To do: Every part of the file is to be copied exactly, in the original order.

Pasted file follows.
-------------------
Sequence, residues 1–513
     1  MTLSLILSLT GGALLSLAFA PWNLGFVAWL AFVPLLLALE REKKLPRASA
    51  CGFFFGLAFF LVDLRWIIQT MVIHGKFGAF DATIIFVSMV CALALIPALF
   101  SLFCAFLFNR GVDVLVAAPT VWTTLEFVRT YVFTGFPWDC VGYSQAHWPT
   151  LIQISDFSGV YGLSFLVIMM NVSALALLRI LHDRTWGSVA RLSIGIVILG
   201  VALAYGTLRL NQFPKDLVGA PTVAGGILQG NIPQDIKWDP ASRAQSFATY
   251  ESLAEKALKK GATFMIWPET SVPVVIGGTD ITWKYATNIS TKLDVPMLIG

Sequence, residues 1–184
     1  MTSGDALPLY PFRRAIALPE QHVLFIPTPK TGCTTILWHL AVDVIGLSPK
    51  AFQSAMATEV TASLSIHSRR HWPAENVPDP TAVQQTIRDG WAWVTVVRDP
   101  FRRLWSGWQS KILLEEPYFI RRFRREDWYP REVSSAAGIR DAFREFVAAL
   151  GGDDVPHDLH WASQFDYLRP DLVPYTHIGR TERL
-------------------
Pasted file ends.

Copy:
Sequence, residues 1–513
     1  MTLSLILSLT GGALLSLAFA PWNLGFVAWL AFVPLLLALE REKKLPRASA
    51  CGFFFGLAFF LVDLRWIIQT MVIHGKFGAF DATIIFVSMV CALALIPALF
   101  SLFCAFLFNR GVDVLVAAPT VWTTLEFVRT YVFTGFPWDC VGYSQAHWPT
   151  LIQISDFSGV YGLSFLVIMM NVSALALLRI LHDRTWGSVA RLSIGIVILG
   201  VALAYGTLRL NQFPKDLVGA PTVAGGILQG NIPQDIKWDP ASRAQSFATY
   251  ESLAEKALKK GATFMIWPET SVPVVIGGTD ITWKYATNIS TKLDVPMLIG

Sequence, residues 1–184
     1  MTSGDALPLY PFRRAIALPE QHVLFIPTPK TGCTTILWHL AVDVIGLSPK
    51  AFQSAMATEV TASLSIHSRR HWPAENVPDP TAVQQTIRDG WAWVTVVRDP
   101  FRRLWSGWQS KILLEEPYFI RRFRREDWYP REVSSAAGIR DAFREFVAAL
   151  GGDDVPHDLH WASQFDYLRP DLVPYTHIGR TERL